Racist, unlawful restrictions remain in historic East Texas property deeds
TYLER, Texas (KLTV) - Buried deep in the small print of property deeds across the country is a startling restriction meant to prevent black people from owning property.
The restrictions are illegal and unenforceable today, but the racist wording remains and can be found in documents for property in East Texas.
Jessica Richardson, of Tyler, said she was startled to discover the restriction in her property documents dating back to the 1950s.
“It really was not that long ago," Richardson said. "But it really casts a long shadow when you look at our neighborhoods in Tyler.”
Richardson said a neighbor who had recently purchased nearby property brought the racist language to her attention. A trip to her filing cabinet would reveal an alarming truth about the history of her property and neighborhood.
The restriction reads, "No lot shall be sold to or occupied by anyone of African blood or descent, provided, however, that this shall not prohibit the occupancy of any servant house by servants of African descent or blood. The above restrictions shall run with and be a part of the title to said subdivision. Witness my hand this 5th day of September A.D. 1959.”
A visit to the county clerk’s office shows similar language can be found in other property documents, unchanged for decades after a federal law banned the racial covenants.
“These are really common, they were in practice for a long time and that sort of made me think, 'wow we’ve really normalized something that should be really shocking to people," said Richardson.
When Richardson purchased the property in 2019, she said she didn’t even notice the restriction buried within hundreds of pages of paperwork.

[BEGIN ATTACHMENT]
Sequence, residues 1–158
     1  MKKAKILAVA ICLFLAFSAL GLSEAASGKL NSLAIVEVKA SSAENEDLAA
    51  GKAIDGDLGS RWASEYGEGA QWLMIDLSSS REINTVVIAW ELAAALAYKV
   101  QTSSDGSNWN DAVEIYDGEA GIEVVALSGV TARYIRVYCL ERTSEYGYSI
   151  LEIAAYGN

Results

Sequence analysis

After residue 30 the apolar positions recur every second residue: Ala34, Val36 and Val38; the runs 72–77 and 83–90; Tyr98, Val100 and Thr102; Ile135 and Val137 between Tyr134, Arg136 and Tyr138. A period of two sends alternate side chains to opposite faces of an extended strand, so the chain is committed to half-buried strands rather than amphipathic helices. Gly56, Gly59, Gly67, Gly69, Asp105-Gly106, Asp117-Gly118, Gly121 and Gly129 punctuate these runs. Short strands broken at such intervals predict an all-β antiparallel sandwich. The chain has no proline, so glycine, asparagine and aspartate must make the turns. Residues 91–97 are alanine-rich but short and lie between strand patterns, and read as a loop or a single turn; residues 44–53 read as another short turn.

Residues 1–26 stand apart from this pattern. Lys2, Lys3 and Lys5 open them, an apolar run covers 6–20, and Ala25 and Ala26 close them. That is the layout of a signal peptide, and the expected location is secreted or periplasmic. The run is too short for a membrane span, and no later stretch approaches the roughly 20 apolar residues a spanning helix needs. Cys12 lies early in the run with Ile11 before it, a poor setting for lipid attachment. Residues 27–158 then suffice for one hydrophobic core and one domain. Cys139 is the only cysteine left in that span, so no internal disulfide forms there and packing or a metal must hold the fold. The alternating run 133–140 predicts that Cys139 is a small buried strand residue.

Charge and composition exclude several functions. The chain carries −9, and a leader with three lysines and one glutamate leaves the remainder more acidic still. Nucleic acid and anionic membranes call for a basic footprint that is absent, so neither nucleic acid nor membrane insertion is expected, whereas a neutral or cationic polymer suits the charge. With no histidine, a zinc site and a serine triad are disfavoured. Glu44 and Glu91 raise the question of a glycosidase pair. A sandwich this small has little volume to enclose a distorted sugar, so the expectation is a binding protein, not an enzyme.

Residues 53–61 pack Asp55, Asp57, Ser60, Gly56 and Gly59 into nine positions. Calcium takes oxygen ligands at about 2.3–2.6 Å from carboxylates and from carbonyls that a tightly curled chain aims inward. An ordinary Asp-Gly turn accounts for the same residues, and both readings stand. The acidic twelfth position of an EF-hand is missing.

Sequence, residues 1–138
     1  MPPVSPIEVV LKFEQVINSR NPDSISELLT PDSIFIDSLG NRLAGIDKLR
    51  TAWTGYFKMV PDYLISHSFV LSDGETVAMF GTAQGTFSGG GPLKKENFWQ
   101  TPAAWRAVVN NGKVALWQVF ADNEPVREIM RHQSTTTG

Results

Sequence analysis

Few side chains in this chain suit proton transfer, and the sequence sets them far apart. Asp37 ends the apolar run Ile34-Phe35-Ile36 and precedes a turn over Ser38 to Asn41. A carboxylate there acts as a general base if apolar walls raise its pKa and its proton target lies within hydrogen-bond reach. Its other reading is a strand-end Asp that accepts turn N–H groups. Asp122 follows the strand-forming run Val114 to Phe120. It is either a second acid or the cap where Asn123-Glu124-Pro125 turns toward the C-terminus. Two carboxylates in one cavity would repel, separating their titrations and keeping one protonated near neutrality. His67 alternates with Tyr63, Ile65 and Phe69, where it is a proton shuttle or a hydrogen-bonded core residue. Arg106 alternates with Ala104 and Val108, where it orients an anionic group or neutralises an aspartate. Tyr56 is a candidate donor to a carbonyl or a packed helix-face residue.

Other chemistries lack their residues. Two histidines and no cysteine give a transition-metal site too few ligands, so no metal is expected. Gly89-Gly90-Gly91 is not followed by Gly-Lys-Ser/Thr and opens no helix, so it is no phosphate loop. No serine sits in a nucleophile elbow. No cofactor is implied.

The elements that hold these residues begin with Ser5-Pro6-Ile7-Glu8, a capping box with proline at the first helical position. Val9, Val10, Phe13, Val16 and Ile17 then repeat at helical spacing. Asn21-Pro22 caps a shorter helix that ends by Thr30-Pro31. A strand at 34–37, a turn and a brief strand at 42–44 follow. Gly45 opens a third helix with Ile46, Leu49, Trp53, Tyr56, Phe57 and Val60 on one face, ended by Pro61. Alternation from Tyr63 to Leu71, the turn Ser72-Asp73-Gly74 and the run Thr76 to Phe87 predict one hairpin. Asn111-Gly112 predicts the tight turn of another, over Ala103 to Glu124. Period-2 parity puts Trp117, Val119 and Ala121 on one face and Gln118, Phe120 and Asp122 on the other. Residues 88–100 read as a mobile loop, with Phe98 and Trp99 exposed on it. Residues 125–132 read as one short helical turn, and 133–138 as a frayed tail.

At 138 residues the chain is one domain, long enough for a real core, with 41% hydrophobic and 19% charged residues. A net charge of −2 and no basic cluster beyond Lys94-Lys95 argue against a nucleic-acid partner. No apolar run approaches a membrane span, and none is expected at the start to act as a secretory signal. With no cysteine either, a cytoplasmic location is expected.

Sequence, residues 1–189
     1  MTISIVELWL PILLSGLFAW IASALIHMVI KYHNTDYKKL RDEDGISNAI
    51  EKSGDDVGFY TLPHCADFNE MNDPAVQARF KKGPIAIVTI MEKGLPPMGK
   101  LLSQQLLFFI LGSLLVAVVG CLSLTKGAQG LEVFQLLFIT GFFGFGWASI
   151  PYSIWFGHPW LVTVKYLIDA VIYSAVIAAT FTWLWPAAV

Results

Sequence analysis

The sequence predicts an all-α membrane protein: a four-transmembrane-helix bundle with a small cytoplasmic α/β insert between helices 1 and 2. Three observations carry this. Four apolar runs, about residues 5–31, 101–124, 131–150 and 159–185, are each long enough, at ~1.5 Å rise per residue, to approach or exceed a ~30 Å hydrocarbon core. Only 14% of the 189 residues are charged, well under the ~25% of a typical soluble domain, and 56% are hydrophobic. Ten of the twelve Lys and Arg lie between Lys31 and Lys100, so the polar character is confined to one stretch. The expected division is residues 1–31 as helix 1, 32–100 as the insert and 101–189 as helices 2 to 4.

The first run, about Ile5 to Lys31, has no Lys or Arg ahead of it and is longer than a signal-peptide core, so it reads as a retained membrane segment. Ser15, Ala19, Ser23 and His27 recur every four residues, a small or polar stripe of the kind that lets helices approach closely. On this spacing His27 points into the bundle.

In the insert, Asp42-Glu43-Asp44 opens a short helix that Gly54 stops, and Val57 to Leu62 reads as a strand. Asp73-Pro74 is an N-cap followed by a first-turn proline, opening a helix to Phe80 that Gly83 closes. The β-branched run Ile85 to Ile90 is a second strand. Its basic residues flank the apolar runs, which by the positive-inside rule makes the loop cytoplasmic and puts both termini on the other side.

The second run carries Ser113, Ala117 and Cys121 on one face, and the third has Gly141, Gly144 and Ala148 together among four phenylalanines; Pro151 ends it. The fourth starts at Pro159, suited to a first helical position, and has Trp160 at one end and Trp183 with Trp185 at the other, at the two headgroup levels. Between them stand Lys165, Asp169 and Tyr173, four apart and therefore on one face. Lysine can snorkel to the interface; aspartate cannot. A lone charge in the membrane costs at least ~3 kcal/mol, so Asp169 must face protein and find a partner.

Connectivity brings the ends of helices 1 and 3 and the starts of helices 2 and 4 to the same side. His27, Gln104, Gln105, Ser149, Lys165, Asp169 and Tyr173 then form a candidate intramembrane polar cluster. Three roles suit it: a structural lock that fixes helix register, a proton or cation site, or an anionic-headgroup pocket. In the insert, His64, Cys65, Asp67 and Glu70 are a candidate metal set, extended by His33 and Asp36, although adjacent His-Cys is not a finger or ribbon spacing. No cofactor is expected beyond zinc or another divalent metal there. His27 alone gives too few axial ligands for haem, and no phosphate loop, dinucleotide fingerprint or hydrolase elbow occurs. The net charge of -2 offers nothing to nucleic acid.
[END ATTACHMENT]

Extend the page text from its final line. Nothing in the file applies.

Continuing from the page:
“The person who put this in place in 1959 built the subdivision, and these restrictions apply to the entire subdivision that this property exists on," Richardson said.
As for a solution, a real estate attorney tells KLTV 7 that the remedy is complicated. The attorney said the documents are functionally a contract shared between Richardson and others who live in the development. He says while unsettling, restrictions based on race, religion, and sex are already stricken by federal law.
“This really is the community level that would need to change it," Richardson said. "It’s very expensive in Texas to change it personally.”
Options for those looking to strike language like this from their property documents include talking with your homeowner’s association. If you don’t have one, a real estate attorney can help.
“Do we strike it from the record and kind of sweep it under the table as if it never existed? Or do we leave it and modify the language to update that it’s unconstitutional," Richardson said.
Racial covenants first appeared in deeds back in the 1920s and were eventually banned by the federal government. And while the restrictions are illegal, it’s unlikely they will ever be removed completely, since they are a part of the official property record.
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